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28th April 2005'Rorke's Drift Men'.
By Tony Jones.
At the recent Sgt.Gallagher re-dedication,Roger Lane refered to his great grandad as 'A Rorke's Drift Man',a term which maybe was coined by Roger.This is intelligent use of words which reflects the collective bravery,spirit of co-operation,guts and grit which saw those brave fellows through their ordeal on 22nd/23rd Jan 1879.I hope that this is a term that the AZW community will adopt as a reference to the collective that defended the mission station when refering to the group in general;'Rorke's Drift Men' is a tribute to these heroes and i hope that in the future that this term 'sticks'.
28th April 2005Martin Everett
Dear Tony,

I have nothing against Roger Lane's term to discribe his great grandfather, but the term 'Rorke's Drift Defender' has been used for many years. It is just that almost all members of the 2/24th were stationed at RD in the weeks following the battle - who can cliam to be at RD - but RD Defender singles out those who were there on the night of 22/23 January.
28th April 2005Tony Jones.
Dear Martin,
yes,the term 'defender' seems to have more immediate impact than 'man',more reflective of the groups collective efforts to defend their post.Cheers.
29th April 2005Alan Critchley
'Defender' would also include the dog.

29th April 2005Graham Mason
If you are lucky enough to see Sgt Gallaghers ACTUAL medals as i have you will see the words " RORKES DRIFT MAN " above the trio of medals , if we are going to use titles then defender of RORKES DRIFT Jan 22 / 23 1879 should indicate if a certain individual was there on that day .

Soldiers who claim to have been at Rorkes drift were in fact there but not on the 22nd of Jan 1879 but later , as is the case of pte Comberton whose lurid account of his actions can been seen in the 1966 article of which i have a copy , makes great reading until you find out Pte Comberton who died in 1919 did not even arrive in South Africa till April 1879 if my memory serves me correctly ? .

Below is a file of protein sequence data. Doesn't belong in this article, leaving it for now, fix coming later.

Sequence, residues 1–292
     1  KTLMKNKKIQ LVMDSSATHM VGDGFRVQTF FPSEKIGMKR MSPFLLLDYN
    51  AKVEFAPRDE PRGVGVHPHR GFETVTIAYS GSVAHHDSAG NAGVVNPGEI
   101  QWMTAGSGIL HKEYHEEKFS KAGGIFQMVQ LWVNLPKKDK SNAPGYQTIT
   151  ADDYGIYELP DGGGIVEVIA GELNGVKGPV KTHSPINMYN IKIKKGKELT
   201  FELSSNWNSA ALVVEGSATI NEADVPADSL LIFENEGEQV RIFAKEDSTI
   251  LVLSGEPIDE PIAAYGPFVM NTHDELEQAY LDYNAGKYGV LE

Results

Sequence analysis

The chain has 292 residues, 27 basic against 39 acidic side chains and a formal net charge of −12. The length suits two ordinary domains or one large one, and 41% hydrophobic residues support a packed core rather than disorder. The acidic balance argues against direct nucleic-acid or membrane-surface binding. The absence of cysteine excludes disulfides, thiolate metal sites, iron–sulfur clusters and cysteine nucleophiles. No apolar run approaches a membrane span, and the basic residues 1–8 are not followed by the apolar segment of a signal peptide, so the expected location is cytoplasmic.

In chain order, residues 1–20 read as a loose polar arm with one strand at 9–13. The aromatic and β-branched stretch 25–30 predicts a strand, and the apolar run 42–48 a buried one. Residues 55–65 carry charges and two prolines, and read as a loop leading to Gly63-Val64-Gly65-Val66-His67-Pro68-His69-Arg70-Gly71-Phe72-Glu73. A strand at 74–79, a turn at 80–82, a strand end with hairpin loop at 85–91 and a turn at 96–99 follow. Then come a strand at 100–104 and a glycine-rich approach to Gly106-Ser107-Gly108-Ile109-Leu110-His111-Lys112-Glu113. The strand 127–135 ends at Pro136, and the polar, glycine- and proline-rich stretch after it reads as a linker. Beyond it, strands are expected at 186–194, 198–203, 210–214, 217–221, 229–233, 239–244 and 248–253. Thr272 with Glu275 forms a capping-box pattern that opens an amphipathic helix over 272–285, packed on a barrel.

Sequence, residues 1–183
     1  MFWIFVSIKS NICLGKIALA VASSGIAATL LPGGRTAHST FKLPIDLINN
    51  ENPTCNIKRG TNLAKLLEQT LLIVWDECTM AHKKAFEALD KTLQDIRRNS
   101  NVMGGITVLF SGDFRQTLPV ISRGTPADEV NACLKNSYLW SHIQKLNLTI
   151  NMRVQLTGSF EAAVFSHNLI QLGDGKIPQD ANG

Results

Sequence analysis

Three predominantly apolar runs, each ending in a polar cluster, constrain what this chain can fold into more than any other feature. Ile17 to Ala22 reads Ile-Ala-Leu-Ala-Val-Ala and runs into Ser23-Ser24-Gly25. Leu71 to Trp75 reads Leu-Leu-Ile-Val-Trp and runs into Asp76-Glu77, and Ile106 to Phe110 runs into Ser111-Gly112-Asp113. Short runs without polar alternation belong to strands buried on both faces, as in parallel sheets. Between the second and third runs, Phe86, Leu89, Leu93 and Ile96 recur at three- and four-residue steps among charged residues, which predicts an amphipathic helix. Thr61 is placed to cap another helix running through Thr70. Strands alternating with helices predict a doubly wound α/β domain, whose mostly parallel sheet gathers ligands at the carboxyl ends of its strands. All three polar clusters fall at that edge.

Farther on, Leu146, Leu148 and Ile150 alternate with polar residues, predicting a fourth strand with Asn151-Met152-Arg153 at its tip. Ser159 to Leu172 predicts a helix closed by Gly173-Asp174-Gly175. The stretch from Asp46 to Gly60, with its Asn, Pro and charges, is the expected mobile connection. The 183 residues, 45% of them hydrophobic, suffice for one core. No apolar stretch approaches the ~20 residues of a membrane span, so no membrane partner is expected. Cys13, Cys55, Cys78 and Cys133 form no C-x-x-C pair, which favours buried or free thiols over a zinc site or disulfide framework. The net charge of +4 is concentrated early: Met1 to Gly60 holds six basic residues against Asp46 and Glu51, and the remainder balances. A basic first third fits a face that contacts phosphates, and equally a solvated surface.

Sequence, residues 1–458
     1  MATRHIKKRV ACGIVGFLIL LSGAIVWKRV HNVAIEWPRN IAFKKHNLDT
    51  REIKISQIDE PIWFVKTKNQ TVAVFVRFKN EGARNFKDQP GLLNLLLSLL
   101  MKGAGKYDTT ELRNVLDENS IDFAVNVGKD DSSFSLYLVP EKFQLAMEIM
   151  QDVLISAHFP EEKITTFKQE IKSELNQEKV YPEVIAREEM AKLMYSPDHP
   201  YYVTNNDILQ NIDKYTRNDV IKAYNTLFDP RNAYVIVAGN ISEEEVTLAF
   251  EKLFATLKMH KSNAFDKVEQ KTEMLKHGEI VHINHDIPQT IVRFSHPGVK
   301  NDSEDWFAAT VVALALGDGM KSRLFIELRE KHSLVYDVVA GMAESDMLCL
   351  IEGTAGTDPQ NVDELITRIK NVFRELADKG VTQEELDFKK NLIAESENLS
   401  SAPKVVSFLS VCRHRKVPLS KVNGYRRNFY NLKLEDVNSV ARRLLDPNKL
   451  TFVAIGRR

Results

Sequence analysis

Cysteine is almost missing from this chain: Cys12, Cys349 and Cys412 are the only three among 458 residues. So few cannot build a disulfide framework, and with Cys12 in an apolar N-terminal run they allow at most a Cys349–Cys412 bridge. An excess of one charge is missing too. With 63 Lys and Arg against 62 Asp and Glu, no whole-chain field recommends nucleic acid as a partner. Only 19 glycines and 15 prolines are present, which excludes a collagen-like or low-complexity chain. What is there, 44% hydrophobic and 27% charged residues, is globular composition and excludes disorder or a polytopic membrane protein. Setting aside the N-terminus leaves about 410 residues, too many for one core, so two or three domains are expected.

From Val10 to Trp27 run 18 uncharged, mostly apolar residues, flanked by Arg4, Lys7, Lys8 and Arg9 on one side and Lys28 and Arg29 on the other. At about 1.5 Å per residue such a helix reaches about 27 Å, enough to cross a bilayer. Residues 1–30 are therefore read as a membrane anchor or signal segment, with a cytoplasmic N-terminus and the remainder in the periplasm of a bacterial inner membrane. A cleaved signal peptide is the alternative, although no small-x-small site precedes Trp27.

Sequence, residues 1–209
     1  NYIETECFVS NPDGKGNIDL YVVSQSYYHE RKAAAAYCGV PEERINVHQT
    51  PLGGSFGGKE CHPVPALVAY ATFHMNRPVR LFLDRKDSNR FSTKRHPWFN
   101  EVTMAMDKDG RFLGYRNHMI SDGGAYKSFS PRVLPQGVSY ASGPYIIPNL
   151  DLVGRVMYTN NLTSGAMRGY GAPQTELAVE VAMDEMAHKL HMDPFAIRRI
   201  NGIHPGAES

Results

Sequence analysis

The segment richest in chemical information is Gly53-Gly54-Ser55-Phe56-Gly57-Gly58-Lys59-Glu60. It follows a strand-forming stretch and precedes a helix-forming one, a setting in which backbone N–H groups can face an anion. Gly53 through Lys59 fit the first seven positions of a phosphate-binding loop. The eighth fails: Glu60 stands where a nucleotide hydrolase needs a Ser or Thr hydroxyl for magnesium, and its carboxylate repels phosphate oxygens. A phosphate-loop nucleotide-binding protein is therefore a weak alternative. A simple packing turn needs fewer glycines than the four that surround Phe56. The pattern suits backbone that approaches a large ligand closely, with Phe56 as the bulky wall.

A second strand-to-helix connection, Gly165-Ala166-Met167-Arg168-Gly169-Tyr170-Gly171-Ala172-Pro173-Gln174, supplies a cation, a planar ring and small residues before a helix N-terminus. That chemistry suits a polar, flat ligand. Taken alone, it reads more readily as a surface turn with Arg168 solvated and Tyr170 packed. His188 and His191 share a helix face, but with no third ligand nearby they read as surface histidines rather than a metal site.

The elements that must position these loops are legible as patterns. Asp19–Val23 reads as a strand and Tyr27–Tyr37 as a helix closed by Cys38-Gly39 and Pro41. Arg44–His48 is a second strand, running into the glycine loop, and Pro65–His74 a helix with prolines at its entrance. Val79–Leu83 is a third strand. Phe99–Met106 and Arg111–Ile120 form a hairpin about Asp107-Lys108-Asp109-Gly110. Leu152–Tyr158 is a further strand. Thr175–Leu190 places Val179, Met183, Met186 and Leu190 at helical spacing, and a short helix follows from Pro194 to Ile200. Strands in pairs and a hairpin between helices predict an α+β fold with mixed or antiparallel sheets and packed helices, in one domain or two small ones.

much talk has been about recently to as to the SENIOR SGT at Rorkes drift , had been promoted in Oct 1877 to this rank and again if memory serves me correctly Windridge who first was a Sgt back in 1862 reduced himself to Sgt in April 1877 and at one stage was a QM Sgt as is well known , Gallagher went on to be a Garrison Sgt Major while Windridge went as low as private and back to Sgt before his discharge .

I am often asked about the SENIOR SGT story and for my money at least it falls to WINDRIDGE if i have my facts in order , Graham
29th April 2005Graham Mason
Sorry folks , the gremlins have hit again , i omitted the word Sgt Gallagher at the start of the third paragraph, apologies , Graham.
4th May 2005Colum O'Rourke
After watching 'Timewatch' last night, Roger Lane felt that his great grandad should have received more recognition for his 'defence' of Rorke's Drift. Mister Lane believed that Sgt Gallagher shouted 'Here they come, as black as hell and as thick as grass'. I believe it was Bob Hall who cried out that as he rode past the station towards Helpmakaar. Mr Lane also felt that Sgt Gallagher should have received a VC for his fight. I am not saying anything bad about Sgt Gallagher or Mr Lane's notion as I respect all defenders and their families but he had no significant role at RD except being a Sergeant. Why should he receive a VC? What about the other brave defenders? Gallagher was stationed at the south-wall and would have put up a brave fight against the first wave and the snipers on Shiyane mountain but what about Private Dunbar who apparently fired eight shots without a miss or so Lt Chard says.